Gruesome crimes produce gruesome photographs. Gruesomeness by itself is not a sufficient reason to keep photographs from the jury, if the probative value of the photographs outweighs the possible prejudice to one accused of a crime. See State v. Rowe, supra. The photographs in this case had probative value regarding the elements of the charge which the State was required to prove against Lynch. Consequently, such photographs were admissible in this case.
Near the first of July 1982, Lynch's case was set for trial on July 12. Subsequently, in communications with the trial court, Lynch's counsel, Thomson, assured the trial court that he would be ready for trial on July 13 and July 15, respectively, but finally informed the court that he would not be able to commence trial until the week of July 19. Around July 12, defense counsel told the court that he would not be able to try the case during the 2-week jury panel summoned in July 1982. As a result of conference calls with Lynch's counsel in Minnesota, the court and counsel agreed that trial would commence on September 27. On September 27 Thomson was occupied in a trial in Minnesota, although an associate in Thomson's firm did appear on September 27 for jury selection and requested a 24-hour continuance. Hawkins, the associate attorney who appeared on behalf of Thomson the morning of trial, had been working on the Lynch case with Thomson since early in 1982 and had appeared with Thomson at pretrial hearings on motions to suppress some of the State's prospective evidence. The State objected to the continuance, because there were problems either with travel or availability of witnesses. In denying the continuance *134 the trial court undoubtedly took into consideration the previous continuance granted to accommodate Lynch's counsel; an agreed trial date; the presence of Lynch's counsel, who had participated in pretrial proceedings; and difficulty in the orderly presentation of the State's case in the event that a continuance were granted. An application for a continuance is addressed to the sound discretion of the trial court and any ruling thereon will not be disturbed, unless it appears that the rights of the defendant were prejudiced by the denial of the continuance. See Kennedy v. State, 171 Neb. 160, 105 N.W.2d 710 (1960). In this case there has been no prejudice demonstrated as a result of the trial court's denying the continuance, and, consequently, there is no merit to Lynch's claim of error in denial of the continuance.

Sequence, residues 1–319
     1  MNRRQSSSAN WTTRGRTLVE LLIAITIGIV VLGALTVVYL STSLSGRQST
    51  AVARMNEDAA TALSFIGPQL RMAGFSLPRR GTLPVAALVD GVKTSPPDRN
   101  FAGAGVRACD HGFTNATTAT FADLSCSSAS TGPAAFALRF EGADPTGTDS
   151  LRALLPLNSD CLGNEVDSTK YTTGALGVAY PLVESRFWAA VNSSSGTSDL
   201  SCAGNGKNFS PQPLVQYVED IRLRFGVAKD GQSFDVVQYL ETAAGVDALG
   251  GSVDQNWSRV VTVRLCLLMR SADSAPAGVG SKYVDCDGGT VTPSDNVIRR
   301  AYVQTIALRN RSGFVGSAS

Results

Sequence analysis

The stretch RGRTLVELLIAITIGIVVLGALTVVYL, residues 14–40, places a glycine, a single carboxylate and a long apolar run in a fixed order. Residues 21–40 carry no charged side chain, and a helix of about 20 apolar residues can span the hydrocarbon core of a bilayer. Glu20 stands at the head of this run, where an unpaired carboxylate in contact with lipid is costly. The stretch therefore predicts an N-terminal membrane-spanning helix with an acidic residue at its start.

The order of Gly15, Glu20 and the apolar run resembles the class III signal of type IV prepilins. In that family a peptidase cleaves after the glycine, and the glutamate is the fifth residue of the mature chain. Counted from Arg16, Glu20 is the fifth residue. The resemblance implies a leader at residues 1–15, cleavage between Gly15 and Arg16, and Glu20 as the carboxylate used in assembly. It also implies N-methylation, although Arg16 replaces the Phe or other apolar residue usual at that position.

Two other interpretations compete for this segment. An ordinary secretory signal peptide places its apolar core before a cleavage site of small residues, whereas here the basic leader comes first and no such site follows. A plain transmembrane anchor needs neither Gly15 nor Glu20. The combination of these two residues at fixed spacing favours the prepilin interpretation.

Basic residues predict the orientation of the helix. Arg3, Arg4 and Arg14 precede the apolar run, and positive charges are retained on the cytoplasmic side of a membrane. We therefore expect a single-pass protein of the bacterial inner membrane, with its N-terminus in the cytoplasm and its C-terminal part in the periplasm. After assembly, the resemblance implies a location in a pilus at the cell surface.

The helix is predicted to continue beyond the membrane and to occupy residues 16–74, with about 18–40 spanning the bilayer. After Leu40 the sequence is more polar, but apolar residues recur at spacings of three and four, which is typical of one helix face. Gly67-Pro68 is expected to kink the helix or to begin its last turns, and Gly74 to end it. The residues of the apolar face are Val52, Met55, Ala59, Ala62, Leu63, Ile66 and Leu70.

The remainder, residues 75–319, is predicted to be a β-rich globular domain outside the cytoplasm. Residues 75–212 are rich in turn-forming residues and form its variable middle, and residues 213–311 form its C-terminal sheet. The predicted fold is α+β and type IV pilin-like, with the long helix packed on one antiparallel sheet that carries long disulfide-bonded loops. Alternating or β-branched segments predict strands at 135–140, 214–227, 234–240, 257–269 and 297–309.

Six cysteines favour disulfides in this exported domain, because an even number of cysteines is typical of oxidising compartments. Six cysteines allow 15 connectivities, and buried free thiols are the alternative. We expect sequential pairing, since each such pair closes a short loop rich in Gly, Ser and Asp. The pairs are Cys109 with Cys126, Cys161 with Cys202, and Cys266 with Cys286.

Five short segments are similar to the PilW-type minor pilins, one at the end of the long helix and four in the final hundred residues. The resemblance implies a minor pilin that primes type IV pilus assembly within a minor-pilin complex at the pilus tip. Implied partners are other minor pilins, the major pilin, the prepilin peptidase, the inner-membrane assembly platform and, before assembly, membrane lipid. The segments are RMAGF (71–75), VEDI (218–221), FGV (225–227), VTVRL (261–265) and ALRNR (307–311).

Lynch claims that he is entitled to credit for the time in custody pending trial and sentence. Lynch is incorrect. First, any credit for time spent in custody pending disposition of a charge is a matter within the discretion of the trial court. See, Addison v. Parratt, 208 Neb. 459, 303 N.W.2d 785 (1981); State v. Prosser, 209 Neb. 766, 311 N.W.2d 525 (1981). Second, the purpose of credit under Neb.Rev.Stat. § 83-1,106 (Reissue 1981) is to avoid the situation where one convicted of a crime is incarcerated for a period greater than the maximum term of years prescribed as punishment for the particular offense. In Lynch's case the sentence was life imprisonment. By its very nature the sentence is indefinite. It is not possible to determine the number of years which Lynch may live serving his life sentence. Consequently, Lynch's life sentence has no term of years from which time in custody can be deducted. In the case of a life sentence, it is impossible to impose punishment exceeding the term prescribed by statute. See, State v. Makal, 106 Ariz. 591, 480 P.2d 347 (1971); Baynor v. Warden, Maryland House of Correction, 391 F. Supp. 1254 (D.Md.1975). There has been no abuse of discretion by the trial court regarding Lynch's sentence of life imprisonment.
The judgment and sentence of the District Court are affirmed.